22. #72
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    you forgot the rear upper wishbones (can't buy those bushings seperately) - contact WOKKE for a less expensivve alternative to OEM parts.
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  23. #73
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    Quote Originally Posted by e31jann View Post
    Making some progress - got the old bushings out of the trailing arms. Have a question about how to clock the new bushings in the arms. You can see in the pic below that the center shaft alignment is all over the place (right side is the original alignment) -- I assume it spins? I can't budge it. Should I just match the factory positioning of the rubber? Even that looks wrong to me -- shouldn't the fat rubber part be along the thrust of the bushing, instead of up and down?? It must be right, it's original...am I over-thinking this? Are these gigantic images annoying?

    Did you ever get to the bottom of this? in later post it looks like you are now going with CSi bushings?

  24. #74
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    I did - sort of. I ordered the CSi bushings -- the center shaft alignment isn't perfect, but it's much better than the last set and close enough that I'm going to use them. Pressing those in today.

    I had to fabricate some extensions for the press ram so I could get at the hub bushings. To do that, I cut 3", 4" and 5" sections of 1" O.D. steel round bar, and then pressed a little section of 1" I.D. steel sleeve part way on the end of each bar to so they slide onto the press ram. Works like a charm, and I'm sure I'll use them for other projects. I still need to tweak the depth of one of the bushings because I pressed it a bit too far. In addition to Bill's excellent press arbor kit (the press job would have been nearly impossible to do cleanly without it), to press in the hub bushings I needed a 1-1/4 socket and a 1-3/16 socket which I ground smooth internally.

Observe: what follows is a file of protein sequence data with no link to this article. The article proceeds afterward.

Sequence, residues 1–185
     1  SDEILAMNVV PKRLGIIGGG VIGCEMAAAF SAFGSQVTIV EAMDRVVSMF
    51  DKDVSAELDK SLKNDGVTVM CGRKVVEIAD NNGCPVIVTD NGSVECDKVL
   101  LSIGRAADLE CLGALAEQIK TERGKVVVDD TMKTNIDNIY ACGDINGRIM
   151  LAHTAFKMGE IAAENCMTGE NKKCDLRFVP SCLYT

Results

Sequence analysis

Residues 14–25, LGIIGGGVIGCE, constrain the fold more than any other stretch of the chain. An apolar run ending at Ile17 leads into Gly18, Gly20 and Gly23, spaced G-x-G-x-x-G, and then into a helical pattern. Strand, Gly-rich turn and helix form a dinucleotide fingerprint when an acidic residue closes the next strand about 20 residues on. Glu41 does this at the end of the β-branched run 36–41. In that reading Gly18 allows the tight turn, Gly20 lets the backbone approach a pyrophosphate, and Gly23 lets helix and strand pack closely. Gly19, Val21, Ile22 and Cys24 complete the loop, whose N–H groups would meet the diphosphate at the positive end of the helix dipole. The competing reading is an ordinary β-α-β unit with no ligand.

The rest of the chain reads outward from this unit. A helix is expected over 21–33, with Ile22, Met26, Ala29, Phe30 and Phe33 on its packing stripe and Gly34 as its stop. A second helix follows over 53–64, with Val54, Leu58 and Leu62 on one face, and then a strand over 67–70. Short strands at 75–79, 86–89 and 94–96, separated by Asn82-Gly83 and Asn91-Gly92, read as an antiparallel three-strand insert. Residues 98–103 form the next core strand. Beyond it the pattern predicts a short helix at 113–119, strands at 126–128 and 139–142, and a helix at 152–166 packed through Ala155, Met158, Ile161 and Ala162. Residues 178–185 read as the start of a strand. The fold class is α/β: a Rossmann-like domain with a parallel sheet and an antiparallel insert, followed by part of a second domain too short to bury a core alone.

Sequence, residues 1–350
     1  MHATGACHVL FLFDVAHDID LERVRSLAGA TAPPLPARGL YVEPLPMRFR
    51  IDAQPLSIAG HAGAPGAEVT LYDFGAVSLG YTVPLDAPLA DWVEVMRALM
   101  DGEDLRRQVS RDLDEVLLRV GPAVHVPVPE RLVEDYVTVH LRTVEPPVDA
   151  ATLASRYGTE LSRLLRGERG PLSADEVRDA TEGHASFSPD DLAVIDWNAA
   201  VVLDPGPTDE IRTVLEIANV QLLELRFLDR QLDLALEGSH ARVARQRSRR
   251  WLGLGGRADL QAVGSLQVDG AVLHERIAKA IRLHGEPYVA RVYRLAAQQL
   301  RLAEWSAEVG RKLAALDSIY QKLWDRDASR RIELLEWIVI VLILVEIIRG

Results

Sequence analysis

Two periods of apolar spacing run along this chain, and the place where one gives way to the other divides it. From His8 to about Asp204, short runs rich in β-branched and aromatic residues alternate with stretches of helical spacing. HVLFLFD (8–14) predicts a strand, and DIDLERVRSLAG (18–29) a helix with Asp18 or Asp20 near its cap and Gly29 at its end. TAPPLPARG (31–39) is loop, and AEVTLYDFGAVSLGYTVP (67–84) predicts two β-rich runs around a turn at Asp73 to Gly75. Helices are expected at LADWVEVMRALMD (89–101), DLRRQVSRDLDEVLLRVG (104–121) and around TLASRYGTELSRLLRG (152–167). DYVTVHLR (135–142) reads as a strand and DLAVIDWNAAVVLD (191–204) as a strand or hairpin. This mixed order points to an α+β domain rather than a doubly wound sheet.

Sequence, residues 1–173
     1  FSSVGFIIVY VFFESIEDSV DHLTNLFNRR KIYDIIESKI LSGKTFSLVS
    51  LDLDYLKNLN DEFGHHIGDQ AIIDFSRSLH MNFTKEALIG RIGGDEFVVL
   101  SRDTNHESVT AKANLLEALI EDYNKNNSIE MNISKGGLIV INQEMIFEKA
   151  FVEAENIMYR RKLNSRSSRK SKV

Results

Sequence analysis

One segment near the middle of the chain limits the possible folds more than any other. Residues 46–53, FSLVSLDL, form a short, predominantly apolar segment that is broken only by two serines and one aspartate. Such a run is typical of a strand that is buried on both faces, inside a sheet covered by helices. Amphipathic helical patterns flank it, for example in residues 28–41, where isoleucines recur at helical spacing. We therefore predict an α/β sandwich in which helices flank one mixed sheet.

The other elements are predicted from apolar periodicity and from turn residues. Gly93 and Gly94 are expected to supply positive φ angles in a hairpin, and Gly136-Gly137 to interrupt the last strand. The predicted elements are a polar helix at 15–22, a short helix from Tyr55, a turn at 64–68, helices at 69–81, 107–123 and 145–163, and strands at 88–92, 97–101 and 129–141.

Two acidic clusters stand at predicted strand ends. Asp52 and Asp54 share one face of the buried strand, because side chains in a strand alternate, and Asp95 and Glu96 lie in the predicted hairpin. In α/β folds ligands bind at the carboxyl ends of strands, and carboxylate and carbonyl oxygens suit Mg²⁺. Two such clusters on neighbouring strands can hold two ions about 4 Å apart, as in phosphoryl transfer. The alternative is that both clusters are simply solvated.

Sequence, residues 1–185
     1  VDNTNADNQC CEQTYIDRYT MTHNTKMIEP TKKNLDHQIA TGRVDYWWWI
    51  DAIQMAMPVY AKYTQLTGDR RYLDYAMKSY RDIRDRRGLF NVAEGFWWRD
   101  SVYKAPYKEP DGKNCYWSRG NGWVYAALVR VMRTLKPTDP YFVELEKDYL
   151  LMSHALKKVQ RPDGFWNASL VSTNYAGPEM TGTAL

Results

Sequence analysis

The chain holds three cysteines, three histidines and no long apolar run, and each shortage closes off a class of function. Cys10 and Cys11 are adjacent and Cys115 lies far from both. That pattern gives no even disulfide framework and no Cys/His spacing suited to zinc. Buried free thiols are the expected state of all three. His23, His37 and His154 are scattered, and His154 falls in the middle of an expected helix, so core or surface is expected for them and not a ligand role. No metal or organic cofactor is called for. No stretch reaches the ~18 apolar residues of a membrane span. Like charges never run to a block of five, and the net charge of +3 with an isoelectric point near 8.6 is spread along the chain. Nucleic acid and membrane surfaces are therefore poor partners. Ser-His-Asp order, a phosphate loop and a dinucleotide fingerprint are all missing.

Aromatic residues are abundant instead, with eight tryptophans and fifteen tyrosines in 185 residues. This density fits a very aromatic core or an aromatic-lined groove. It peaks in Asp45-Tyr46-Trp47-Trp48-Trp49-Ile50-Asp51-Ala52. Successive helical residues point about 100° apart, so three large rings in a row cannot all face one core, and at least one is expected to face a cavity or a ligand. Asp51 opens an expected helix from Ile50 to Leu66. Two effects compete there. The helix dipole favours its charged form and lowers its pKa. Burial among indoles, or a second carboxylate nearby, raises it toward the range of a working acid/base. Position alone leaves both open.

Is there a preferred way to assemble the crossmember -- bolting everything on outside the car and installing the whole thing as a unit, vs. bolting the crossmember in and then hooking on all the parts?

    Another Q. -- use a lubricant on the bushing surface? I assumed a light coat of grease, but for the full-floating bushes, is a different prep needed so they don't walk out? They don't have any retainers, just the press fit holding them in place. I googled it a bit and didn't find a conclusive answer.

    - - - Updated - - -

    Oh -- I also replaced the axle shaft boots and grease. Getting all 6 ball bearings back into the CV joint was a really fiddly process. They mean it when they say don't let the axles hang down when one end is bolted to the car -- there's a thin metal shield inside which is easily damaged.

    Have I really been working on this 3 months now? Urrg I'm so slow....never shoulda put the computer and the beer fridge in the garage
    Last edited by e31jann; 02-14-2015 at 06:19 PM.

  25. #75
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    Regarding suspension parts Wokke, I am currently overhauling my front end.

    So far I have replaced anti roll bar and control arm bushings, KAW springs and TRW shocks (may replace with Bilsteins in time). I have new track rod ends here not yet fitted.

    Next parts to buy:
    Top mounts
    steering arm connecting rods
    Droplinks (sway bars I think you guys call them)


    Anything else you recommend replacing?
    Any other recommendations?

    Aaron